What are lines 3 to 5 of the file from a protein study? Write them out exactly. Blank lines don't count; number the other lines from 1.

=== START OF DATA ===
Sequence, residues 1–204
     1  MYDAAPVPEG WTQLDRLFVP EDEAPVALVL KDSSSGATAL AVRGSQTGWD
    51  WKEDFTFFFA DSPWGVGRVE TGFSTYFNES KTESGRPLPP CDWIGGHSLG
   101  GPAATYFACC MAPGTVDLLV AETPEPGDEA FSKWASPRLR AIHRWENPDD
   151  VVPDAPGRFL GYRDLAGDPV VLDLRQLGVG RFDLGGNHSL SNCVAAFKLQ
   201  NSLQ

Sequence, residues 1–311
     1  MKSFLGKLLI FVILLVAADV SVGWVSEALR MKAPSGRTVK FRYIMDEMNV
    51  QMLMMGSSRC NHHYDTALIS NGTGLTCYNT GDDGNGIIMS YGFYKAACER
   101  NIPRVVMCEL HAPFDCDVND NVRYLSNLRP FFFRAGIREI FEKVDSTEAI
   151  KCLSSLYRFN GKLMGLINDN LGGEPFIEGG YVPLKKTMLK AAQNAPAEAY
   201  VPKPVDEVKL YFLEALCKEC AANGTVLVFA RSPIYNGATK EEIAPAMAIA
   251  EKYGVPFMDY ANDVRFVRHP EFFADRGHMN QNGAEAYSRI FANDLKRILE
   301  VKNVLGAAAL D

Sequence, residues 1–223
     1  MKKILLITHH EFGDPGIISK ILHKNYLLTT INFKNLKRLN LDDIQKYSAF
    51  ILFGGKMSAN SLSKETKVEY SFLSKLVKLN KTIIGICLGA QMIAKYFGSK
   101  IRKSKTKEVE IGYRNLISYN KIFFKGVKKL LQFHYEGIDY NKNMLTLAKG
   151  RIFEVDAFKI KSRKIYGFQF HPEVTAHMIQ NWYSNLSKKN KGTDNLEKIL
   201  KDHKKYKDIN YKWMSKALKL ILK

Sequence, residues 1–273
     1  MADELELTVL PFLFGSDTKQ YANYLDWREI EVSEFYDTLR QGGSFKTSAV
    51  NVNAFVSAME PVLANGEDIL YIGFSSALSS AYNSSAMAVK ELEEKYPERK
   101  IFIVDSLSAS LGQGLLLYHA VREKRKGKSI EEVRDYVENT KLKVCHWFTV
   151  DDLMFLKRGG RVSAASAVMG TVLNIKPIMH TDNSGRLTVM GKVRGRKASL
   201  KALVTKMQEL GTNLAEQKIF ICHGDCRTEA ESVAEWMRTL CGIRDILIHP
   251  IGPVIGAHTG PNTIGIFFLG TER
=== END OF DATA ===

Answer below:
    51  WKEDFTFFFA DSPWGVGRVE TGFSTYFNES KTESGRPLPP CDWIGGHSLG
   101  GPAATYFACC MAPGTVDLLV AETPEPGDEA FSKWASPRLR AIHRWENPDD
   151  VVPDAPGRFL GYRDLAGDPV VLDLRQLGVG RFDLGGNHSL SNCVAAFKLQ